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Daytona 24 hours: can the new Ford GT win on its debut?
This weekend the Rolex 24 takes place in Daytona, and the Ford GT’s the big story
This is the Ford GT that’s going to win Le Mans, right?
Well, that’s what they’re hoping. This year marks the 50th anniversary of Ford’s momentous victory at the Le Mans 24 Hours with the Ford GT40. It’s plundering as much time and effort as possible into ensuring its modern day successor - a racing version of the new Ford GT supercar - celebrates the landmark in finest possible style.
So what’s happening this weekend?
The Ford GT makes its competitive debut at the Rolex 24, a twice-round-the-clock race at Daytona in Florida. It’s the first round of the IMSA SportsCar Championship, which two GTs will be competing in all season. After IMSA’s fifth round in June, the intention is they’ll fly to France to meet two other GTs for an all-out attack on the Le Mans ‘GTE Pro’ class.
If you’re a sucker for romance, you’ll be hoping for a Ford GT victory this weekend. The GT40 won the very first Daytona 24 Hours in 1966, and five months later made history at Le Mans. Winning here would be a nice little practice run for the potential party in June.
Can it win overall?
The Ford GT can’t. The ‘GT Le Mans’ class it competes in at Daytona - like the ‘GTE Pro’ class at Le Mans - is a couple of rungs down the pecking order from the full-fat Prototype racers.
Ford immediately decided not to challenge for the big trophy: a ‘GTE’-class car is more relatable and relevant to road cars, says Ford VP Raj Nair, and the racing Ford GT has been developed in parallel with the new Ford GT supercar over the last 18 months.
It also means taking on Ferrari and its new 488 GTE racer, a tantalising recreation of the Ford v Ferrari rivalry that kickstarted the GT40 project all the way back in the sixties. This couldn’t happen in the classes above.
Ford can win overall, though, with its Riley-Ford Ecoboost prototype. Two of those will be running at Daytona, and one of them was the victor at the 2015 Rolex 24. They use the same 3.5-litre turbo engine as the Ford GT, so the powerplant is already proven.
How likely is a class win for the Ford GT?
We’re going to sit right on the fence, as it’s too hard to call. Ford is playing it cool, saying merely finishing the 24 hours is a result. But that’s what they would say. Early practice showings suggest that the GT will lag behind its competitors, while the cars have qualified 9th and 10th in their class (15th and 25th overall).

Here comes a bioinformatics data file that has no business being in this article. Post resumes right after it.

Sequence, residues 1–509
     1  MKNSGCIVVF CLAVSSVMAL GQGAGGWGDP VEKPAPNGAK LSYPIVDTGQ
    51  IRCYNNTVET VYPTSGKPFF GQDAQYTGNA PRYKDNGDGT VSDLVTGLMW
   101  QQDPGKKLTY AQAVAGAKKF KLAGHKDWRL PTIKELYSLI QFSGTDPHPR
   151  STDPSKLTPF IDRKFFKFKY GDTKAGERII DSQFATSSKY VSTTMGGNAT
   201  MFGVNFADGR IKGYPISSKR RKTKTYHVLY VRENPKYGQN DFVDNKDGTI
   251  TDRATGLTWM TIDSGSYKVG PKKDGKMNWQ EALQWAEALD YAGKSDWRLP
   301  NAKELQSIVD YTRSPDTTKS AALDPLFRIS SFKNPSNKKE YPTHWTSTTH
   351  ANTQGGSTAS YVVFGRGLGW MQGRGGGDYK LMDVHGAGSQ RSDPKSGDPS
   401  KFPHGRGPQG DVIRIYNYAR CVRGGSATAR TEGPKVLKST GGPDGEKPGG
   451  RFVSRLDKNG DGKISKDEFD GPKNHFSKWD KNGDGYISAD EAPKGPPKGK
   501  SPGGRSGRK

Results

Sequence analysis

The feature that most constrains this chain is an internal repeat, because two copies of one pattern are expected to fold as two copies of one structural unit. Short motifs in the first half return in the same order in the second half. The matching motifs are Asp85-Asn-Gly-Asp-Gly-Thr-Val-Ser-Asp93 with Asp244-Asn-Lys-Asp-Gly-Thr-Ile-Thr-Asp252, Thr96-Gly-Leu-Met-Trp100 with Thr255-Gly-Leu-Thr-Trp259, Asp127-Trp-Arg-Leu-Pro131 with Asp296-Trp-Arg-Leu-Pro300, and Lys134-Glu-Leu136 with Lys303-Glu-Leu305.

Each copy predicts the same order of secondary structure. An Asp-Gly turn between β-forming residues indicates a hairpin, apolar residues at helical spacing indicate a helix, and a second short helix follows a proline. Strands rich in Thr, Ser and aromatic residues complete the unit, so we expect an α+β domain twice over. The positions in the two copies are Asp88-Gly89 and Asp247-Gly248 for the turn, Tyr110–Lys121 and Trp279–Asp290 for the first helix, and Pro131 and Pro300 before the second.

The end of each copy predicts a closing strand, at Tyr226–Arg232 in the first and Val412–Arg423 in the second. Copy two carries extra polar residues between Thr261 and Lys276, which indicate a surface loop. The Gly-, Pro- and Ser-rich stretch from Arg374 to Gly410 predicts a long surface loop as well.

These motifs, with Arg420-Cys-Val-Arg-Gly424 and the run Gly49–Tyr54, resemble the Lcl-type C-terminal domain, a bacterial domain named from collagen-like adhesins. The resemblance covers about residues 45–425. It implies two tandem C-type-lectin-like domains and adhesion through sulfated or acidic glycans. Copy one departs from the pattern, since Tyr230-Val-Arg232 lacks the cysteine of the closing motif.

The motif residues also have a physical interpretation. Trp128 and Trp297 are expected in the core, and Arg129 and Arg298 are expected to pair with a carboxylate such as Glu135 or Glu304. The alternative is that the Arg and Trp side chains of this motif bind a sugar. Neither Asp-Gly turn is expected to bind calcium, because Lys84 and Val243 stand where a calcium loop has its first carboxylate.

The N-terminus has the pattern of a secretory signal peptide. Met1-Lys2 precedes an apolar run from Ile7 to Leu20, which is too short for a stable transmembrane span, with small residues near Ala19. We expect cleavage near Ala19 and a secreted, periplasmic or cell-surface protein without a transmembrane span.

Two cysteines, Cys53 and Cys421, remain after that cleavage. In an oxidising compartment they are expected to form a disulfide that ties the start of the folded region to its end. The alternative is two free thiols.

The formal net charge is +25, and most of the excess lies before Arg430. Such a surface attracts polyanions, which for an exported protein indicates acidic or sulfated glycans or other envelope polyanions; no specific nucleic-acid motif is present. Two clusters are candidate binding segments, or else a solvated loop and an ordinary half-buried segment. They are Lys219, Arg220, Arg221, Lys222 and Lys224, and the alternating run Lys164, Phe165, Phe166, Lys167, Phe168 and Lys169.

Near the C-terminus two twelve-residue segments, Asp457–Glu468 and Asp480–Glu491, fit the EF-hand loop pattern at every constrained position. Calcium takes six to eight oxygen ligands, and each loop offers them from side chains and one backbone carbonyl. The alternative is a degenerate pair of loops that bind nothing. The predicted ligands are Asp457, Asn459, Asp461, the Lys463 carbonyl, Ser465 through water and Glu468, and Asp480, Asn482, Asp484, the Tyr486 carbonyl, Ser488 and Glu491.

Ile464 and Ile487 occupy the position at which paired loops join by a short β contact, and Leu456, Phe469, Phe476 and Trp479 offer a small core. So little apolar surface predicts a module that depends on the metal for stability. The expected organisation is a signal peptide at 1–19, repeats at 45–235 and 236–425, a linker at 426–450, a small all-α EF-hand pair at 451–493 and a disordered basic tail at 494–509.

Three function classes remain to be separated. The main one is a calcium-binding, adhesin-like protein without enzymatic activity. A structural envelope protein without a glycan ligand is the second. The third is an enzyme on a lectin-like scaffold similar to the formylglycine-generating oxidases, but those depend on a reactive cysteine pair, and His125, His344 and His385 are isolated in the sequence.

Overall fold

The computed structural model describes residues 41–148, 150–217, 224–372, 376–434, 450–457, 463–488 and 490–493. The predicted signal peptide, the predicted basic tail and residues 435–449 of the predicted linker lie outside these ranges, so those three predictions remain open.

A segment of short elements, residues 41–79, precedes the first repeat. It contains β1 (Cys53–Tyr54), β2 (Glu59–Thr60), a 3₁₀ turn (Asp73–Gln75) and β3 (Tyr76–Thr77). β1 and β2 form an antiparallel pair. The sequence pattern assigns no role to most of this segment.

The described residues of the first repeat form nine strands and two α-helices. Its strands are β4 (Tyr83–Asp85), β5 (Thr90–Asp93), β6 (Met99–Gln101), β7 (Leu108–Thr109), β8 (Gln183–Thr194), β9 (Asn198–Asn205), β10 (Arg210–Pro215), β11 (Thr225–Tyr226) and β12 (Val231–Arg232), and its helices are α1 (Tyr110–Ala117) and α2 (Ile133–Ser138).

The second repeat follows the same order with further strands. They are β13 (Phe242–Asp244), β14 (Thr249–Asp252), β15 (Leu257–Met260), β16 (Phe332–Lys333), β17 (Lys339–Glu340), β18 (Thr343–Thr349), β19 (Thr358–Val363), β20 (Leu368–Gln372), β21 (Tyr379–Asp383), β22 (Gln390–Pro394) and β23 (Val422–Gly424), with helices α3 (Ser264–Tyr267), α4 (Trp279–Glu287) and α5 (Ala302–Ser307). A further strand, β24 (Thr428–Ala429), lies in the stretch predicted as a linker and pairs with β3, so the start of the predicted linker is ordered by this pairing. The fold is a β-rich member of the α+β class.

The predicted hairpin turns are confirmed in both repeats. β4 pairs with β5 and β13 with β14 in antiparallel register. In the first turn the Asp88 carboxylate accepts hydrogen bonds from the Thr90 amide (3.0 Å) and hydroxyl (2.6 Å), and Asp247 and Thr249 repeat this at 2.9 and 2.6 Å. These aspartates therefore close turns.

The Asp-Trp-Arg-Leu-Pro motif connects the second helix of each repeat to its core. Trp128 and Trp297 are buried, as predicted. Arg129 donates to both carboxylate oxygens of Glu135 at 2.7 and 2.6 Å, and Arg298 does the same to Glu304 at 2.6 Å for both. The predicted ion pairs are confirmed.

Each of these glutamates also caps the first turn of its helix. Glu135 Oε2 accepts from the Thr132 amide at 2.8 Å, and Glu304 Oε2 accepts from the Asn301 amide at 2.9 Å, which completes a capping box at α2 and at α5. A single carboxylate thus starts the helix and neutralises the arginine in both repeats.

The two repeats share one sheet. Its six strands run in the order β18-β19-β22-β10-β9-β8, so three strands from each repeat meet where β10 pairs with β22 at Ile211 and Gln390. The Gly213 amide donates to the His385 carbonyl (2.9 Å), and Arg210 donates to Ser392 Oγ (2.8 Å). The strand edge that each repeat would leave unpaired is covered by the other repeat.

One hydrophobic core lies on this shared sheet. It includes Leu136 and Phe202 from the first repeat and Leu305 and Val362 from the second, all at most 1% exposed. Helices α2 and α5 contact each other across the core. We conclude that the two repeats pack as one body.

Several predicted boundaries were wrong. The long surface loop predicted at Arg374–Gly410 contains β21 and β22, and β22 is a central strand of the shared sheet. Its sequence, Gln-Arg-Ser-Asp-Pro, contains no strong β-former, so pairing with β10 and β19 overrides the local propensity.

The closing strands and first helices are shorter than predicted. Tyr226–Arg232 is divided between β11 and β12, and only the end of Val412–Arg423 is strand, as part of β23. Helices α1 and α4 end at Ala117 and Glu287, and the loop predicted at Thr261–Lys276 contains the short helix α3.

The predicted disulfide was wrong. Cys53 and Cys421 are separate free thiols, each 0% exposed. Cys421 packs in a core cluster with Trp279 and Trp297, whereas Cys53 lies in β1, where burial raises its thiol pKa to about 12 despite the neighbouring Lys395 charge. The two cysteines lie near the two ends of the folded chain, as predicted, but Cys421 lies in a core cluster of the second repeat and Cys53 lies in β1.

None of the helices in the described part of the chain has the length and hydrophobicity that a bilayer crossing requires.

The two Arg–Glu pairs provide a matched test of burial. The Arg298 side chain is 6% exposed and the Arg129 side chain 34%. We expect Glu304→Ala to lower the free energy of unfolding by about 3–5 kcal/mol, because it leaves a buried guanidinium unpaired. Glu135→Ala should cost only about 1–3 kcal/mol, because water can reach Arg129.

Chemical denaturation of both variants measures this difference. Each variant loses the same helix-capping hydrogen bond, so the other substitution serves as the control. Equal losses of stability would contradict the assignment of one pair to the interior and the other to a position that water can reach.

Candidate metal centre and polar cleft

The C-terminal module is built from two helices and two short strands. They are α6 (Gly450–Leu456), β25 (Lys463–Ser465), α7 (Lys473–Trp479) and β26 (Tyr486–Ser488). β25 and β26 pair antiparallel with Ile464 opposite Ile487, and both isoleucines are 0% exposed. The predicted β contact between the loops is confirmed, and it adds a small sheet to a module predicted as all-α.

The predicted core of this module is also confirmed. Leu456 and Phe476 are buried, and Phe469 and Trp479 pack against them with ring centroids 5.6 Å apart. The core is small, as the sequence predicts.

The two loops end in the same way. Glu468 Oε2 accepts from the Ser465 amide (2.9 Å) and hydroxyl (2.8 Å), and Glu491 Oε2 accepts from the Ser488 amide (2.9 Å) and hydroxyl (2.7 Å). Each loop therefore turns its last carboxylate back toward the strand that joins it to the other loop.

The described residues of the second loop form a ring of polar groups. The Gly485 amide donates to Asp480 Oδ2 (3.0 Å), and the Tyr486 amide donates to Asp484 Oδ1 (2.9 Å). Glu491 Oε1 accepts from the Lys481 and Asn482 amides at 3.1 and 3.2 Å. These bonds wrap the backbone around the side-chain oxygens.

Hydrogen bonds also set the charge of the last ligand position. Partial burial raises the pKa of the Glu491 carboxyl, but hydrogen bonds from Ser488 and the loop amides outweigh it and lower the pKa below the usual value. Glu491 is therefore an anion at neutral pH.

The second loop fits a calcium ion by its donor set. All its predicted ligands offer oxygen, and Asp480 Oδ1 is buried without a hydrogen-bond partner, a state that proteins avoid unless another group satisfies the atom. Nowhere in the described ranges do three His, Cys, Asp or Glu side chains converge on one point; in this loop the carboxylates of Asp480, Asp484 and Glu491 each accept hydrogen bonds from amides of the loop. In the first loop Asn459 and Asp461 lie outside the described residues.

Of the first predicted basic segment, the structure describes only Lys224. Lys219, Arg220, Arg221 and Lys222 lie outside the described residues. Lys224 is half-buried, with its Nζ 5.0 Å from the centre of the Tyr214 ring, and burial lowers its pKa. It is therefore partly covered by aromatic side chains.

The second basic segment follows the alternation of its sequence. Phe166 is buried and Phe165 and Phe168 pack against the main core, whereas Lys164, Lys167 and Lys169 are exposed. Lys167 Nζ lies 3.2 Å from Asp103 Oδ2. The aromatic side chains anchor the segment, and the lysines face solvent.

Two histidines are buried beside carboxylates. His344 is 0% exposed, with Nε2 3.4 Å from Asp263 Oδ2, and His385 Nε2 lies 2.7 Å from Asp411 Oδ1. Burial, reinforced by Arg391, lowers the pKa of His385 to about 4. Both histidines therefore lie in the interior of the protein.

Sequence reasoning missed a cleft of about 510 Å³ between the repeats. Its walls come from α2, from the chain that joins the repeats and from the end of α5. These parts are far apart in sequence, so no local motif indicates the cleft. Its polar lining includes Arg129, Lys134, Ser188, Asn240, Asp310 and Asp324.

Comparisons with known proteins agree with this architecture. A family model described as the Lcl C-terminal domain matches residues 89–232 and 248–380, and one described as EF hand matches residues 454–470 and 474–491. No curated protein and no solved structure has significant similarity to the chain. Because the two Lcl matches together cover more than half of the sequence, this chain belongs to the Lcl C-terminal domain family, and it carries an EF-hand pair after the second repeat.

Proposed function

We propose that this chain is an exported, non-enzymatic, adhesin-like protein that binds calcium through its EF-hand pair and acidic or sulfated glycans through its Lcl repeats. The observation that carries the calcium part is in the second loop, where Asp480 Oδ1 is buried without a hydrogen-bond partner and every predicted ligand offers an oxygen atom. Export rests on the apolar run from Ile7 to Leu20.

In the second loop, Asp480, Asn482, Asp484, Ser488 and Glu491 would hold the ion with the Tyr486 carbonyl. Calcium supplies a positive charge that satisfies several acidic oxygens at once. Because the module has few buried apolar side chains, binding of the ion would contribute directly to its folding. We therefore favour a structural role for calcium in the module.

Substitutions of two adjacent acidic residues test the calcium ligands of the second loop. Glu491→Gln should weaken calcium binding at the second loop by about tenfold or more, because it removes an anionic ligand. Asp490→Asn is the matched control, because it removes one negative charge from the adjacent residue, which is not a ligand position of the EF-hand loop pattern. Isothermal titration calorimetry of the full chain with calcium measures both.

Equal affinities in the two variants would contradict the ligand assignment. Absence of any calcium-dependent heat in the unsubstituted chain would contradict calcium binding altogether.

The BMW M6 GTLM (another debutant at Daytona) was fastest at the official pre-race test, with Porsche - whose Daytona record outstrips everyone’s - locking out the front row after some wet qualifying with its 911 RSRs.
But being led by early inklings isn’t necessarily wise: tight ‘Balance of Performance’ rules, which try to keep all the cars as close as possible to each other in pace, could punish anyone who looks to be notably faster than their opponents.
As such, we can’t know that any of the teams have properly shown their hand yet. Over 24 hours in Florida - starting on Saturday at 2:40pm EST (7:40pm in the UK) - we ought to know for sure exactly where this GT is likely to be punching.
Anything else I should be looking out for?
The IMSA series has more classes, and therefore a bit more variety, than Europe’s World Endurance Championship, and therefore the Le Mans 24 Hours.
A mixture of Prototype racers include those Fords - with Andy Priaulx, who’ll be driving a Ford GT at Le Mans, in one of them - as well as some elaborate Corvette racers and the DeltaWing, a firm TG favourite which continues to race in its own sub-class (and without a race number) thanks to Panoz.
A class called ‘GT Daytona’ features supercars being raced by more amateur drivers, and as well as Vipers, Astons and Ferraris, there will be the new Lamborghini Huracan GT3 and Audi R8 LMS. They won’t be fighting anywhere near the front, but they’ll be sounding mighty good. Something you can listen to yourself right here…
Keep checking TopGear.com for big news from the Daytona 24 Hours
Pictures: Jamey Price